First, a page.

The first judgment chosen as part of Jifa’s Women’s Month focus is from Eswatini. It deals with the murder of a young woman who had a young child, now an orphan. What makes this judgment on sentence different from many others we read each week, is the comments by the presiding judge, Titus Mlangeni. Many judges handle cases of violence against women as though they were traffic offences, with no comment on the impact of such crimes on the whole of society. Judge Mlangeni, however, speaks about the prevalence of domestic violence and the need for men to learn that they should walk away from disappointments in love rather than physically acting out their anger. He also says the time has come to increase sentences in such cases because domestic violence has become such a problem. If you were a member of the girl’s family, or a woman or girl living in Eswatini, and you heard this judgment, you would feel the judge understood the constant pain and the fear you suffered. If you were a man, you would also feel the impact of his words.
The hammer used by Thami Ntshangase to murder his 19-year-old girlfriend, Phetsile Sambo, weighed five kilograms. He mustered all his force and hit her with it over the head many times. He had thought it all out, arranging with a friend to call her from her home. The friend was to say that someone wanted to speak to her, but would give that person a false name.
It was, said Judge Titus Mlangeni, a ‘decoy’, and evidence that this murder had been carefully planned.
The two had been in a ‘cosy’ relationship, said the judge, and Ntshangase had been kind to her and her family, even helping raise the child that Sambo had from an earlier relationship. There was ‘no denying’ that Ntshangase ‘demonstrated love, care and generosity’ to the girl and her family. But it seems they began to drift apart and Ntshangase, who could not tolerate such a state of affairs, then set his fatal plan in motion.
Though he had done ‘significant favours’ to Sambo and her family, none of this gave him ‘a right of ownership over (her) life’, or allowed him ‘to take her life when he was unhappy with her’, said the judge. Men had to learn to walk away when they were disappointed by their partners.
There were mitigating factors to consider: he had previously been good to his girlfriend, he had no previous convictions, he surrendered himself to the police and co-operated fully with them. He was just 27 and he agreed to a ‘statement of facts’. Though a ‘sign of contrition’ this, together with all the other mitigating factors, ‘is overshadowed by the brutality in which a young girl lost her life’, and a child lost her mother. In addition, the murder was well-planned and executed with ‘precise callousness.’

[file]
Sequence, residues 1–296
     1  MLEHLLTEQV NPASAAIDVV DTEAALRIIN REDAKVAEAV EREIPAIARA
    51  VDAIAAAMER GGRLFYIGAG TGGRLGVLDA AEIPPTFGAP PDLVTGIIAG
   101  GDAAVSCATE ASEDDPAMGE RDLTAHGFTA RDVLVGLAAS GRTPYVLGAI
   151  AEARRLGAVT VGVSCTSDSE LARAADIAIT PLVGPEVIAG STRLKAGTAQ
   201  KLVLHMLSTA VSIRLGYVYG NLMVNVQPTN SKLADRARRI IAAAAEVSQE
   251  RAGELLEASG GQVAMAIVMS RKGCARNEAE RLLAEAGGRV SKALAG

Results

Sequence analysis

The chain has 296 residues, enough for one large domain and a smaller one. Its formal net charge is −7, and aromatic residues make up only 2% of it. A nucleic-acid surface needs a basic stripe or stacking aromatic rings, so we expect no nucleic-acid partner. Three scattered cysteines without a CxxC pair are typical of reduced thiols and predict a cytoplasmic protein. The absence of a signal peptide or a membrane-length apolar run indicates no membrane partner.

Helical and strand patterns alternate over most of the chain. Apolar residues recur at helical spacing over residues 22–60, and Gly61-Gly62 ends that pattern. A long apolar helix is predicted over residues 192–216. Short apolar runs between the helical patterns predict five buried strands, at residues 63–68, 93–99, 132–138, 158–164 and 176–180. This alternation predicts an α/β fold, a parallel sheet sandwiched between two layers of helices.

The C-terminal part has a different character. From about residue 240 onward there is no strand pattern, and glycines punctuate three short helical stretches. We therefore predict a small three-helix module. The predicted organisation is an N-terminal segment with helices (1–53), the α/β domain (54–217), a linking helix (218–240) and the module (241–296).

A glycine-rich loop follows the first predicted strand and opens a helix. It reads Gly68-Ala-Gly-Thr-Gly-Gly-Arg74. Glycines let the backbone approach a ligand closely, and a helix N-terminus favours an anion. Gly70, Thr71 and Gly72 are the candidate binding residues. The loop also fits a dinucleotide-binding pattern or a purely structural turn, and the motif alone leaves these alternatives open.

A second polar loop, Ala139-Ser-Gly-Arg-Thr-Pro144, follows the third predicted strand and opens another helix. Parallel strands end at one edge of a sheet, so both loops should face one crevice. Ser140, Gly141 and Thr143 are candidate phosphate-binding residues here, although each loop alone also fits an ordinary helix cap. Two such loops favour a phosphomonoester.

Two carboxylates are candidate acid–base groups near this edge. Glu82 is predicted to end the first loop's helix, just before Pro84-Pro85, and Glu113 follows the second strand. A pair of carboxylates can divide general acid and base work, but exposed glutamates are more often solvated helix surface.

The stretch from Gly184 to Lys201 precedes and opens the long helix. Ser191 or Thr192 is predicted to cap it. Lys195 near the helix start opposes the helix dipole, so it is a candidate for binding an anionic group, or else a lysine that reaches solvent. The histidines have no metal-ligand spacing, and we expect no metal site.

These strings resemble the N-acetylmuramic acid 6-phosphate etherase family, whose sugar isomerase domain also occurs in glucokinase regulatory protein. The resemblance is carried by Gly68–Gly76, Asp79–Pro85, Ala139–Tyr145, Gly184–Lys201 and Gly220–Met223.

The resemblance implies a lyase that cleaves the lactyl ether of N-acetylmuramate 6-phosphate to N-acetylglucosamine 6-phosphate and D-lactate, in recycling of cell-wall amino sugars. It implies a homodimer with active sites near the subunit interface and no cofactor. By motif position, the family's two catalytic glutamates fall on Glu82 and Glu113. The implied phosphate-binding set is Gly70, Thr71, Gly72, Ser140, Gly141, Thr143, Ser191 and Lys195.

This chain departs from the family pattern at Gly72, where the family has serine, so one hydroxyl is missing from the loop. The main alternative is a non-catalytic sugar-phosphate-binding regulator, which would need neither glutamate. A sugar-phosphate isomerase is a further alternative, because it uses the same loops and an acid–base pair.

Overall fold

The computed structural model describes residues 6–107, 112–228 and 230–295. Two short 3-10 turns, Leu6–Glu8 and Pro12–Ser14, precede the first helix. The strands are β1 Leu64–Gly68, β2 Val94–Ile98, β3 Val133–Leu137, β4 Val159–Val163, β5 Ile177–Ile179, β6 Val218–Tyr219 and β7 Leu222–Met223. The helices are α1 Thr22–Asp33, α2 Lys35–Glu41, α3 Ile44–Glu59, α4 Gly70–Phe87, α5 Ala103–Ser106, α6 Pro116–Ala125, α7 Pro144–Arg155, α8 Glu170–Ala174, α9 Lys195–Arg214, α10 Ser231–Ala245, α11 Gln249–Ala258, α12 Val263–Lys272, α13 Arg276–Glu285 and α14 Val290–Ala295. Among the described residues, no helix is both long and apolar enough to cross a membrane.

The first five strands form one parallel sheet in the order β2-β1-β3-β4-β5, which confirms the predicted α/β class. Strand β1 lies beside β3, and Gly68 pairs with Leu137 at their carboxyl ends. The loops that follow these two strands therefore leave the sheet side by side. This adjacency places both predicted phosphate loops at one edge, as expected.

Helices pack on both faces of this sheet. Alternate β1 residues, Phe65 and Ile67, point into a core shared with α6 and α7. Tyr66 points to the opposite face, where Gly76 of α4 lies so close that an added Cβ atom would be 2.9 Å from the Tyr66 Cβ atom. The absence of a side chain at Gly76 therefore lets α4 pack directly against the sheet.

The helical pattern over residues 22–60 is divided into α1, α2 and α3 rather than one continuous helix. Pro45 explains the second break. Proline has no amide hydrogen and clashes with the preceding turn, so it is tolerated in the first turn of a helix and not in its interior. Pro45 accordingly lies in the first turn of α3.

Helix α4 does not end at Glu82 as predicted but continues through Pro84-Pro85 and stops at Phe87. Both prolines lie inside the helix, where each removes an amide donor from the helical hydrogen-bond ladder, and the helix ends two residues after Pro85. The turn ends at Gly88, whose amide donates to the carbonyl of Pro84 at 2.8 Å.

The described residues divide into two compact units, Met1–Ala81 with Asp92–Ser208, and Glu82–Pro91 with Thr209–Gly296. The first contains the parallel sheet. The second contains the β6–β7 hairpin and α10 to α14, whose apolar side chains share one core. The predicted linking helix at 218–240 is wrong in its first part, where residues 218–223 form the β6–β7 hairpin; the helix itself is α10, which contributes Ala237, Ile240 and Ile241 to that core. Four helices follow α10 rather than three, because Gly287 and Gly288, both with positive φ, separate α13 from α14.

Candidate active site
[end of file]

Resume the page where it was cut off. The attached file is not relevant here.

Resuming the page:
He quoted from other judges who had imposed stiff sentences after speaking strongly against domestic violence. He even quoted from one of his own earlier decisions: ‘… decisive measures must be taken to give more protection to the defenceless women who are increasingly subjected to this cowardly and egocentric behaviour by men. Once other law enforcement agencies have done their part, the courts are the only beacon of hope …. The time has come for sentences to truly reflect society’s abhorrence of violence, especially violence that emanates from love relationships.’
Courts in Eswatini ‘urgently need to break away from tradition and set new precedents in sentencing; precedents that are “loud and clear in deterrence”. There is no value in paying lip service to deterrence while meting out meek sentences.’
Judge Mlangeni then quoted two headlines from a newspaper that appeared on the day he wrote judgment on sentence, both of them reporting horrific killings of women by their husbands. He said the rate of violent crime against women placed the whole country in a bad light, and that many women ‘wrote their own epitaph’ through the simple act of going alone outside to the family toilet.
For some time, sentence for murder in Eswatini had ranged between 12 and 25 years, he said. This was possibly part of the reason that violent crime showed no signs of decreasing. ‘It is my view that in the face of rampant, constantly escalating crime, the range of sentences should not be stagnant. If the law is a living institution, it must respond to emerging challenges’ in a way that ensures society’s confidence.
Clearly, the court should not approach sentencing with anger or vengeance. But nor should it show ‘misplaced pity or sympathy’.
His final decision was that a sentence of 27 years, without the option of a fine, would be appropriate, effective from the date in May when Ntshangase was convicted. The calculation of the exact term should, however, also take into account the period spent in prison after his arrest, and the period he was released on bail.